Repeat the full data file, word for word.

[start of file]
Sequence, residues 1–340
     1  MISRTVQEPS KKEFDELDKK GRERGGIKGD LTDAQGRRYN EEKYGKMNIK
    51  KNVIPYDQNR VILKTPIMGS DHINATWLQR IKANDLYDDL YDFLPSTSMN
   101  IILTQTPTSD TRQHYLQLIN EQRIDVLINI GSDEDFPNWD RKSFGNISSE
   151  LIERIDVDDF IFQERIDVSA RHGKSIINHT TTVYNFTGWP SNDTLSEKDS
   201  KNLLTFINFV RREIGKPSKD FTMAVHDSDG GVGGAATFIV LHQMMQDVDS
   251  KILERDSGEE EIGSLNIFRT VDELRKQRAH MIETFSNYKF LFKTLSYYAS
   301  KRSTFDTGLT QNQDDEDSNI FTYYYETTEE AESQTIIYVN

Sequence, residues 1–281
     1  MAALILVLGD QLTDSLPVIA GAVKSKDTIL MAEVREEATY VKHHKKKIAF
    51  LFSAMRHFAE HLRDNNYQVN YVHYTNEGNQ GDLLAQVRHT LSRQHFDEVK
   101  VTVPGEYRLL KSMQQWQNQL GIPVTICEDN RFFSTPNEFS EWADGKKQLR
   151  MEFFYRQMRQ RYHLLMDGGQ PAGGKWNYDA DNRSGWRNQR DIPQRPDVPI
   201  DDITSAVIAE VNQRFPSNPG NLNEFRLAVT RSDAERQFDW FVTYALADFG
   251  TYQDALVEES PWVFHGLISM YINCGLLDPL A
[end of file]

Sequence, residues 1–340
     1  MISRTVQEPS KKEFDELDKK GRERGGIKGD LTDAQGRRYN EEKYGKMNIK
    51  KNVIPYDQNR VILKTPIMGS DHINATWLQR IKANDLYDDL YDFLPSTSMN
   101  IILTQTPTSD TRQHYLQLIN EQRIDVLINI GSDEDFPNWD RKSFGNISSE
   151  LIERIDVDDF IFQERIDVSA RHGKSIINHT TTVYNFTGWP SNDTLSEKDS
   201  KNLLTFINFV RREIGKPSKD FTMAVHDSDG GVGGAATFIV LHQMMQDVDS
   251  KILERDSGEE EIGSLNIFRT VDELRKQRAH MIETFSNYKF LFKTLSYYAS
   301  KRSTFDTGLT QNQDDEDSNI FTYYYETTEE AESQTIIYVN

Sequence, residues 1–281
     1  MAALILVLGD QLTDSLPVIA GAVKSKDTIL MAEVREEATY VKHHKKKIAF
    51  LFSAMRHFAE HLRDNNYQVN YVHYTNEGNQ GDLLAQVRHT LSRQHFDEVK
   101  VTVPGEYRLL KSMQQWQNQL GIPVTICEDN RFFSTPNEFS EWADGKKQLR
   151  MEFFYRQMRQ RYHLLMDGGQ PAGGKWNYDA DNRSGWRNQR DIPQRPDVPI
   201  DDITSAVIAE VNQRFPSNPG NLNEFRLAVT RSDAERQFDW FVTYALADFG
   251  TYQDALVEES PWVFHGLISM YINCGLLDPL A